Pilot shortages interfere with summer travel and hurt industry rebound efforts – The Ticker

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The US airline industry is suffering from a shortage of pilots, forcing a record number of flight cancellations as the busy summer travel season begins.

The number of active pilots fell from 84,520 to 81,310 between 2019 and 2021, according to a report by the US Bureau of Labor Statistics. The industry suffered significant losses when the COVID-19 pandemic nearly halted all travel to curb the spread of the virus.

National airlines were hoping for strong turnout when coronavirus vaccines become more accessible, especially during the year-end holidays which involve gatherings. Confidence plummeted when the omicron variant COVID-19 threatened another surge in November 2021.

Despite the inflation surge ticket prices up 25%, airlines see increased demand for travel, up 25% from pre-pandemic travel, according to a report from Mastercard Inc.’s Institute of Economics. This push is assigned to reduce travel restrictions and business-related travel returns.

transportation security administration projected more than 2.4 million travelers on June 17, the Friday before June 19. That’s about 400,000 travelers at the same time in 2021 and about 100,000 from May 27, the Friday before Memorial Day.

While this was apparently positive for airlines, they also had to deal with a wave of cancellations over the weekend, including more than 3,200 flights from June 17 to June 18, according to the statistics database. . FlightAware.

“The pilot shortage for the industry is real,” United Airlines Inc. CEO Scott Kirby said at the company’s press conference. first quarter call for earnings. “Most airlines simply won’t be able to meet their capacity plans because there just aren’t enough pilots, at least not for the next five years.”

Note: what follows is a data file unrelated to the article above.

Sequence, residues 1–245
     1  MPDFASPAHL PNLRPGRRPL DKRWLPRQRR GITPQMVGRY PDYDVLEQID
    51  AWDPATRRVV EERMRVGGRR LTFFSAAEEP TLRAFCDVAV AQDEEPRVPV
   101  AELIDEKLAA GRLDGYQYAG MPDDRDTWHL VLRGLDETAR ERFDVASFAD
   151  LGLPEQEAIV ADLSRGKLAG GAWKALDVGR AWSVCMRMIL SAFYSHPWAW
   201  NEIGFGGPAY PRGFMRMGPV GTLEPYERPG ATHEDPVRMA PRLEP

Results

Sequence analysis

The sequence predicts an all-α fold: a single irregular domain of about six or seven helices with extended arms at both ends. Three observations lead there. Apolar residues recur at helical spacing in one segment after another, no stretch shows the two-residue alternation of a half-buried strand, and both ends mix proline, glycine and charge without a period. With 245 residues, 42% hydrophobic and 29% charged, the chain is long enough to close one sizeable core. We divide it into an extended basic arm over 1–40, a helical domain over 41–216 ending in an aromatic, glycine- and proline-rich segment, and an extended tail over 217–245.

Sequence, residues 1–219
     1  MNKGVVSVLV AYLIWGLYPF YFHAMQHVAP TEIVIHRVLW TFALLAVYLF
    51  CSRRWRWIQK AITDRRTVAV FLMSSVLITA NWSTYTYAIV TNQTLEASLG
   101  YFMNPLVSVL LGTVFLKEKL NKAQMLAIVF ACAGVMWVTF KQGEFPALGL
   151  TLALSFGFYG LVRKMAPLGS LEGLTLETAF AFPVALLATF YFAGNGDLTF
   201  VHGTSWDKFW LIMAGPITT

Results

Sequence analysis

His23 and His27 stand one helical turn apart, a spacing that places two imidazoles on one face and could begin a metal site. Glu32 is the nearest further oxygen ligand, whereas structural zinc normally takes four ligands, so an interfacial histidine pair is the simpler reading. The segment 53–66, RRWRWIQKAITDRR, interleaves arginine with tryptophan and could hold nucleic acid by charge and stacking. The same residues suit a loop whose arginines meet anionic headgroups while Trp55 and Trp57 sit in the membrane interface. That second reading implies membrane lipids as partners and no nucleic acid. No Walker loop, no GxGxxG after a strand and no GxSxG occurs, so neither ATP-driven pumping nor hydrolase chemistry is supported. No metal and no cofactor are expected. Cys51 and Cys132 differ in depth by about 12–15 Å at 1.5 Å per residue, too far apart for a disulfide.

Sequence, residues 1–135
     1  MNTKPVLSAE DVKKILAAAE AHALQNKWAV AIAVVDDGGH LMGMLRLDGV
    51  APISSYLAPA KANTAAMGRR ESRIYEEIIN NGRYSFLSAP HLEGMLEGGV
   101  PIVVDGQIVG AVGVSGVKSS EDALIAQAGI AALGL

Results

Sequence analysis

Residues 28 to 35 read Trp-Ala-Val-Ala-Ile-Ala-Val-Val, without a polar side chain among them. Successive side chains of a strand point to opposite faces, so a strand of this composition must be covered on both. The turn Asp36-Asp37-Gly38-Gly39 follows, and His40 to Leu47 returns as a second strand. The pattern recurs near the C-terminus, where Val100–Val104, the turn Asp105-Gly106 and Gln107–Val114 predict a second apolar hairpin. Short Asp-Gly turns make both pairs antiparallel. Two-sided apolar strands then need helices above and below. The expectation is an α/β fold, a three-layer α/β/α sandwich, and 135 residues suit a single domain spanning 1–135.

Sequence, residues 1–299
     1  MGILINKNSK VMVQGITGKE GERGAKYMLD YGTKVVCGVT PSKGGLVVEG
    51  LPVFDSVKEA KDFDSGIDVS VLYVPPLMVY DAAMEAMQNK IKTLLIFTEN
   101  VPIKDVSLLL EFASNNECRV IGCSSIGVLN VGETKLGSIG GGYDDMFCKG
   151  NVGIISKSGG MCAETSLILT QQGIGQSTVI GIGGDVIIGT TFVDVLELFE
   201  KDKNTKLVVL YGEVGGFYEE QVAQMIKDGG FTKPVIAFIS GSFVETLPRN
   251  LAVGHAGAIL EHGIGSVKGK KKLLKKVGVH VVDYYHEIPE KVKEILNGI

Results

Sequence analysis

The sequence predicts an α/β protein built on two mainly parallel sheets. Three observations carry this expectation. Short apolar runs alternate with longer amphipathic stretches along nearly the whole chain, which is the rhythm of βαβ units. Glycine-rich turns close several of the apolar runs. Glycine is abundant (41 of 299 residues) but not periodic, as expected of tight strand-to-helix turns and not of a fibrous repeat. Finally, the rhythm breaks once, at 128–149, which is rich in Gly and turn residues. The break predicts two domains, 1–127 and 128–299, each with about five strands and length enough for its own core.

Since announcing it would cut 100 flights a day in May, Delta Air Lines Inc. has expressed optimism about its weekend cancellations drop 35%, but the problem persists.

“This phase of our recovery has been the most challenging,” John Laughter, Delta’s chief operating officer, said in a statement. Press release. “We’ve never had to bring the airline back to this speed before.”

American Airlines Inc. has announced that it will end service to Islip and Ithaca, New York and Toledo, Ohio on September 7 due to shortages, according to fox business.

To prevent further side effects, United announcement a $100 million project on June 1 to expand its training center and allow more potential pilots to be trained and hired. The airline aims to add 2,000 new pilots by the end of 2022 and to have 10,000 by 2030.

Kirby announcement that the airline has also reached an agreement regarding its employment contract with its union Air Line Pilots Association.

Meanwhile, in January, Delta said it would turn its four-year degree requirement for pilots into a recommendation in a bid to increase new hires.

“While we believe more than ever in the importance of education, there are highly qualified candidates – people we would like to welcome into our Delta family – who have acquired more than the equivalent of a university education in over their years of life and leadership experience,” Delta wrote in a statement.

Some companies like American, JetBlue Airways Corp. and Southwest Airlines Co., offered pilots a pay rise as an incentive, but American faced backlash from its Allied Pilots Association union for appearing desperate.

“It’s good for the pilots who get these raises, but when you have an airline that offers a pay raise of more than 50%, they recognize with the money that they have a problem,” said the door. – APA spokesperson, Dannis Tajer. CNBC.

american already lost $61 million in the fourth quarter of 2021 due to the shortage. Time will tell if any of the airlines’ efforts will help end the pilot shortage and boost profits, but it may be too soon to tell before the next major weekend travel vacation. end of July 4th.

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